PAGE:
FIJI NURSES’ STRIKE: RELIEF AT LAST

admin's picture

EDITORIAL COMMENT

Fiji Times Suva, Fiji Islands

May 15, 2000

FIJI NURSES’ STRIKE: RELIEF AT LAST

There was nationwide relief when the nurses called off their strike yesterday.

Services at hospitals and health centers returned to normal last night and are expected to continue that way.

The 70-hour strike put immense pressure on doctors and the nurses who stayed at work for personal or religious reasons.

Volunteer workers -- many untrained for their tasks -- turned out to help. Their assistance gave some respite to the volunteers and the private doctors who helped out in the emergency health centers.

At most strike sites a number of protesting nurses were appointed each day to provide emergency services for their colleagues who continued to work.

Fortunately there was no disaster during the three-day period.

It would have severely tested the makeshift contingency plans put together by the Health Ministry.

There is no doubt that there would have been unnecessary fatalities if this had happened.

For the pressure on the skeleton staff would have been too much and mistakes, in the end, would have crept in.

The public will rest assured now that it is safe once again to take the sick and injured to hospitals and health centers.

Hopefully the nurses will return to work on time and get on with their tasks in the usual efficient manner.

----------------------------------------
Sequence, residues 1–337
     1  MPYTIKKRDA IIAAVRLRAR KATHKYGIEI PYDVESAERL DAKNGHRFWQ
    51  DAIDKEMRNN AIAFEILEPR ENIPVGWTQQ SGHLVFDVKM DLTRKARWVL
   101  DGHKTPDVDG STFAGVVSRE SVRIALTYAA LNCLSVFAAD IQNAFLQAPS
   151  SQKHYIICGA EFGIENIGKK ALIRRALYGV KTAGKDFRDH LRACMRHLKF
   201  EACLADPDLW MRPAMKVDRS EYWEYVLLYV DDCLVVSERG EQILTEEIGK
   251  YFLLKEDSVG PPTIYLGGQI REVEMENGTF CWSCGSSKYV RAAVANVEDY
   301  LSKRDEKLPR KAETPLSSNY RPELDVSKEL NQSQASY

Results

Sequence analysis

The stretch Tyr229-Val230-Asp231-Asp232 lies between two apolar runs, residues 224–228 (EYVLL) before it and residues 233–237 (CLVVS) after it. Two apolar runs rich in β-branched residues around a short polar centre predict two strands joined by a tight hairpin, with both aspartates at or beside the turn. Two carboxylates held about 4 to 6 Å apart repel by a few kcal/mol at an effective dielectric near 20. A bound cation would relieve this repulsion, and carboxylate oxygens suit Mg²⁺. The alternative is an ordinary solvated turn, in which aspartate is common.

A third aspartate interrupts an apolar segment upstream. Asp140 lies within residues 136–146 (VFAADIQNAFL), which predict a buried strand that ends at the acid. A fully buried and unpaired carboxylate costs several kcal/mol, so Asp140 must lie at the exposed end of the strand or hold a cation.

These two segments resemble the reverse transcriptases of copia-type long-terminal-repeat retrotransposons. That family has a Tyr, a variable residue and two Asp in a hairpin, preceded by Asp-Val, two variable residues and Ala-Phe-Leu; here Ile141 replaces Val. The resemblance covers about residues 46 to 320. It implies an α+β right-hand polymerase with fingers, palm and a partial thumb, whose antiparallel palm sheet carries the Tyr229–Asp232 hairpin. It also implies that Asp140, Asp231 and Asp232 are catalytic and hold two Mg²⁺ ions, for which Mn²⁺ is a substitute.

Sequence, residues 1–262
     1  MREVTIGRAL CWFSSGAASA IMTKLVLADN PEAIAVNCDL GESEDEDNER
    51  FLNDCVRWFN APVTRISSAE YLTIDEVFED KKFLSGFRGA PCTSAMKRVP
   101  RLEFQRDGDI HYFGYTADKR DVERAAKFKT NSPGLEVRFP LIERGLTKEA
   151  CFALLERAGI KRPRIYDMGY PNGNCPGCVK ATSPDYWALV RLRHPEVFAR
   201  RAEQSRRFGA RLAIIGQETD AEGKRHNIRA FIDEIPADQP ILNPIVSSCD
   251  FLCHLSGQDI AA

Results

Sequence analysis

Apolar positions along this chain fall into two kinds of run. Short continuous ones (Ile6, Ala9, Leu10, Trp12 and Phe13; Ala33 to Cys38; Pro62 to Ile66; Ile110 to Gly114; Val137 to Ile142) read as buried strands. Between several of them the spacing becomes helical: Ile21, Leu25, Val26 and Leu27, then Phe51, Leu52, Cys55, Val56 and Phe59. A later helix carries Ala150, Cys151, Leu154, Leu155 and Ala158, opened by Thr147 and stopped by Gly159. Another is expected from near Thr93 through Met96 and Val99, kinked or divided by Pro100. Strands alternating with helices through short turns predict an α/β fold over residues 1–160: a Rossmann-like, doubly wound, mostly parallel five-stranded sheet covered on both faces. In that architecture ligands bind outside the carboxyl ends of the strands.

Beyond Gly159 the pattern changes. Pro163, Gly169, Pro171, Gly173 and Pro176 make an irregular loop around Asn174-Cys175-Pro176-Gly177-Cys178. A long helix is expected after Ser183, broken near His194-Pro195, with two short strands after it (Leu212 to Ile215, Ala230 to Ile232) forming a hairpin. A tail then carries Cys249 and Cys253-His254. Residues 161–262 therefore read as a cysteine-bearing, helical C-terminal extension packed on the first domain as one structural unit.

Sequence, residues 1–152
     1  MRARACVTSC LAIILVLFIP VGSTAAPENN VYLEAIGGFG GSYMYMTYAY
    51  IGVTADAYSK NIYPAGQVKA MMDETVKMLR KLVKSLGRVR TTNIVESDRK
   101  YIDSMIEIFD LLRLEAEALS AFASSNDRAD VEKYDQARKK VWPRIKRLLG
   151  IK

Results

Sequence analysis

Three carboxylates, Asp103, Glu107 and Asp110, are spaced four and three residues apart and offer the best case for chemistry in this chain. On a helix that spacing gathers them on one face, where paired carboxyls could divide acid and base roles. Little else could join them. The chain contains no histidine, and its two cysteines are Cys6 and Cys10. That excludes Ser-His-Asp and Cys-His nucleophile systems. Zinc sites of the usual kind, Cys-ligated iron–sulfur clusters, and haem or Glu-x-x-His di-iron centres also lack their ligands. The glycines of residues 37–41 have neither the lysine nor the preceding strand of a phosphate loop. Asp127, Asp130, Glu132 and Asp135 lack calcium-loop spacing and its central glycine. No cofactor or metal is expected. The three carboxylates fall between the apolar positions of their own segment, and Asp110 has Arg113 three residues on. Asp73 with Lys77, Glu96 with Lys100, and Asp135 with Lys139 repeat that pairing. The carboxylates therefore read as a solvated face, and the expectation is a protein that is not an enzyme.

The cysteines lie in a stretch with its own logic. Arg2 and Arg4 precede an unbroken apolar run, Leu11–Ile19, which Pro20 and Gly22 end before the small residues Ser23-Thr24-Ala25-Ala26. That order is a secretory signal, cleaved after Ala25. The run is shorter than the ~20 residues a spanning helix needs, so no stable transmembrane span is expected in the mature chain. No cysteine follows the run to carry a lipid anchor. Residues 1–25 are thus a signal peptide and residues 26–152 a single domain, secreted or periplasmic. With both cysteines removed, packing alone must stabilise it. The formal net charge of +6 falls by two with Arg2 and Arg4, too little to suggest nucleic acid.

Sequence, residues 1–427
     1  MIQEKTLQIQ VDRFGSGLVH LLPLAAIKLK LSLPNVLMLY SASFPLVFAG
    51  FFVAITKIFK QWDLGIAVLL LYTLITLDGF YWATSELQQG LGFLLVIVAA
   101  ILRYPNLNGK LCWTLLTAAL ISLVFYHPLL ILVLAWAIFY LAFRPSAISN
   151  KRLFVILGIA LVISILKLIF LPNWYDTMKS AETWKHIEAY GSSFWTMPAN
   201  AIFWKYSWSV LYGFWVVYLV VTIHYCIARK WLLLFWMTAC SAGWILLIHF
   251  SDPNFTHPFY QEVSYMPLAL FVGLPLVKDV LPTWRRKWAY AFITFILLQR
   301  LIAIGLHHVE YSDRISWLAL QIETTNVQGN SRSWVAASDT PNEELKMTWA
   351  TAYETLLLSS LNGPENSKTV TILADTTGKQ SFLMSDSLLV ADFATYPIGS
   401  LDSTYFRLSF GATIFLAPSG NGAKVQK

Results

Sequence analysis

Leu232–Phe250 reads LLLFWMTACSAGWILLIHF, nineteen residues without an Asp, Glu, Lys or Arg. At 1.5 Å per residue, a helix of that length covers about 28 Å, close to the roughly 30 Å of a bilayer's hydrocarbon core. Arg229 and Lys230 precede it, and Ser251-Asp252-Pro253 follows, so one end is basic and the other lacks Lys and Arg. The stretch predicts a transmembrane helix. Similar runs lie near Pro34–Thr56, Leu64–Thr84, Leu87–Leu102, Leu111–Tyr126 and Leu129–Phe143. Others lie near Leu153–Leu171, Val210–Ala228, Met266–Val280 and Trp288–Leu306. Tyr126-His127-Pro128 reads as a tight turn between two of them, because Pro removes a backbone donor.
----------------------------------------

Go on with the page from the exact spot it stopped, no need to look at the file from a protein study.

There is no room for victimization of those who went on strike, nor is there call for the protesting workers to goad their colleagues who did not join the protest.

Vindictiveness and victimization will serve only to bring hurt and bitterness to a dispute which has been settled relatively amicably.

The nurses have what they want and should be thankful.

They should also be thankful for the public support and sympathy afforded them over the recent months.

This should be manifested in more efficient and courteous service. The Government weathered what otherwise could have been a long, drawn-out and bitter strike.

It must now honor the Permanent Arbitrator's ruling, pay the nurses on time and -- in doing so -- settle the dispute once and for all.

But both sides must remember this. If each had made a more concerted effort towards dialogue at an earlier stage the strike would not have been necessary.

For additional reports from the Fiji Times, go to PACIFIC ISLANDS REPORT News/Information Links: Newspapers/Fiji Times.

Rate this article: 
No votes yet

Add new comment